Everyday Virtualization

How To Set Active Directory Authentication with vCenter Server Appliance

One thing that is a must for most organizations is to join the vCenter Server to Active Directory. A few words of advice to do this smoothly.

Last year when I wrote 10 Steps to Setting Up vCenter Server Appliance The Right Way, the First Time, I wrote it more as a note to myself to get it set up correctly. I used the post to check a number of things that were more difficult to get correct with the vCenter Server Appliance in versions prior to vSphere 5.5.

With vSphere 5.5, a lot of those steps are now unnecessary as the appliance has most of the settings now correctly configured by the deployment settings. What made it confusing before was that the wizard for configuring the vCenter application appeared right on the first page of the appliance, even though the pre-requisite steps needed to be done first.

I've been using the vCSA almost exclusively in new situations and have become a fan of the new configuration. Primarily, I prefer to use the vCenter application rather than administer the database and more. (I've spewed a few choice words at the vCenter database running on SQL Server over the years.)

One thing that is a must for most organizations is to join the vCenter Server to Active Directory. If you want to add it to Active Directory, the first thing to do is sure that the DNS server and suffix on the vCSA are correct.  Once you double-check those, enter the format of the domain and the credential in the vCSA (see Fig. 1).

The domain configuration is set in the vCSA. EVBlog-4-29-2014-FigA.jpg
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Figure 1. The domain configuration is set in the vCSA.

I'll again admit that I'm blogging this to partly ensure I remember the steps to join to the domain. Specifically, do we put the domain name in FQDN or short name (NetBIOS) format in the fields? Of course it's the FQDN, and the next question I always forget is whether to put DOMAIN\Username format in place. That too isn't needed, as it's implied by the domain name. The vCSA needs a reboot to make this take effect, so make sure that is done at a time that a brief vCenter outage can be taken.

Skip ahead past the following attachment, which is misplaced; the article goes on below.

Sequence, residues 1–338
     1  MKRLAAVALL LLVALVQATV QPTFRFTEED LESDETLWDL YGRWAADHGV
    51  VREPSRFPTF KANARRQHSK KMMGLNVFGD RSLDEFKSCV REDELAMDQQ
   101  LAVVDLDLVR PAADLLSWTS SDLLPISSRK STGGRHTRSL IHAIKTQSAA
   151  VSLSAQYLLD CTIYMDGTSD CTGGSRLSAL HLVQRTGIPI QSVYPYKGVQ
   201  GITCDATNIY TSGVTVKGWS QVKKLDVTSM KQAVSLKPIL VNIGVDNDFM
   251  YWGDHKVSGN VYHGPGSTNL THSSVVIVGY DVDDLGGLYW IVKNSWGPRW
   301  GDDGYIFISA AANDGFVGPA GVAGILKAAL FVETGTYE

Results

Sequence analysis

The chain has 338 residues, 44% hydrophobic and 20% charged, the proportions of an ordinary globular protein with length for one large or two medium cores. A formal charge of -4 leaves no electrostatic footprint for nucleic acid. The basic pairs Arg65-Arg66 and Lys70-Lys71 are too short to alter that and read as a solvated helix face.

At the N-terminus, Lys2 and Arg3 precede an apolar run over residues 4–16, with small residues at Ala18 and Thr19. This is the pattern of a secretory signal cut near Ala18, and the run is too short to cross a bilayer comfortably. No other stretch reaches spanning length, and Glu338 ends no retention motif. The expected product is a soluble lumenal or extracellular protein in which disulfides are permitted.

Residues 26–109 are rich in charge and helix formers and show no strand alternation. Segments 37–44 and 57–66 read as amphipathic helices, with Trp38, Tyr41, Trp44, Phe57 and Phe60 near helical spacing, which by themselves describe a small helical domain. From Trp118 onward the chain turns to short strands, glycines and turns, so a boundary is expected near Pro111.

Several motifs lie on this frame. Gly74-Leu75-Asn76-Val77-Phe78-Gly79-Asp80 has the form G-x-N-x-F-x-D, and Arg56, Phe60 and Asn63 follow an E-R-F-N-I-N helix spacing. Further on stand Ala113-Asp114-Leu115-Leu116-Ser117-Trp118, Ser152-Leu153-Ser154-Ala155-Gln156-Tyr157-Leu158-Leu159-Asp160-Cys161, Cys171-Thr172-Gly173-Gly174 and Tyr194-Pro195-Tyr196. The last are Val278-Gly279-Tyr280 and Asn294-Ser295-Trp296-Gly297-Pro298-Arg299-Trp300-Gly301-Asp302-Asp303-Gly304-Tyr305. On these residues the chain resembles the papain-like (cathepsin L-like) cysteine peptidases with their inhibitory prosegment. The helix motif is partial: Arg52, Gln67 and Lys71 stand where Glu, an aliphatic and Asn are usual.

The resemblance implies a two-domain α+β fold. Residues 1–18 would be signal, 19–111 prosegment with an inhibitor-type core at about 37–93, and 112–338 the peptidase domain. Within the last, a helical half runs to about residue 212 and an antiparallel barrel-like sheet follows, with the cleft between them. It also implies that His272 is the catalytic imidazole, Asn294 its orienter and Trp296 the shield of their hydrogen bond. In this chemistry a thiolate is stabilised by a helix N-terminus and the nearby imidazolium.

Assuming the DNS, host name and suffix configuration of the vCSA are correct, you'll also be able to add your appliance to the domain. Note that this step adds a computer account for the vCSA. No Group Policy objects can be applied to it, but don't let some non-involved admin disable or delete that computer account because they don't know what it is. By default it will go in the \Computers OU.

Setting up Active Directory will require the certificate for the vCSA be regenerated; it's an easy step in the vCSA configuration (the 5480 port web interface), as shown in Fig. 2.

The certificate needs to be regenerated, then the vCSA rebooted.
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Figure 2. The certificate needs to be regenerated, then the vCSA rebooted.

After that, you'll need to log into the vCSA as administrator@vsphere.local (it's in default configurations) instead of the root account to configure vCenter Single Sign-On to use the Active Directory groups. But that's not all! You'll need to reconfigure the identity source if you want to use Active Directory for security constructs within Single Sign-On. Specifically, we'll need to remove it and re-add it, as shown in Fig. 3.

The domain configuration will correctly allow group enumeration when configured as shown here.
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Figure 3. The domain configuration will correctly allow group enumeration when configured as shown here.

At this point, we now have Active Directory groups in the vCenter application. We can log in to the vSphere Web Client; we can put the group in native SSO groups and more! (See Fig. 4.)

Now, the Active Directory domain contents are visible in the vSphere SSO section of the Web Client.
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Figure 4. Now, the Active Directory domain contents are visible in the vSphere SSO section of the Web Client.

Configuring the vCSA to use Active Directory is indeed a process, but once you get it set up it's ready to go. Have you learned any tricks along the way? Share your comments here.

About the Author

Rick Vanover (Cisco Champion, Microsoft MVP, VMware vExpert) is based in Columbus, Ohio. Vanover's experience includes systems administration and IT management, with virtualization, cloud and storage technologies being the central theme of his career recently. Follow him on Twitter @RickVanover.

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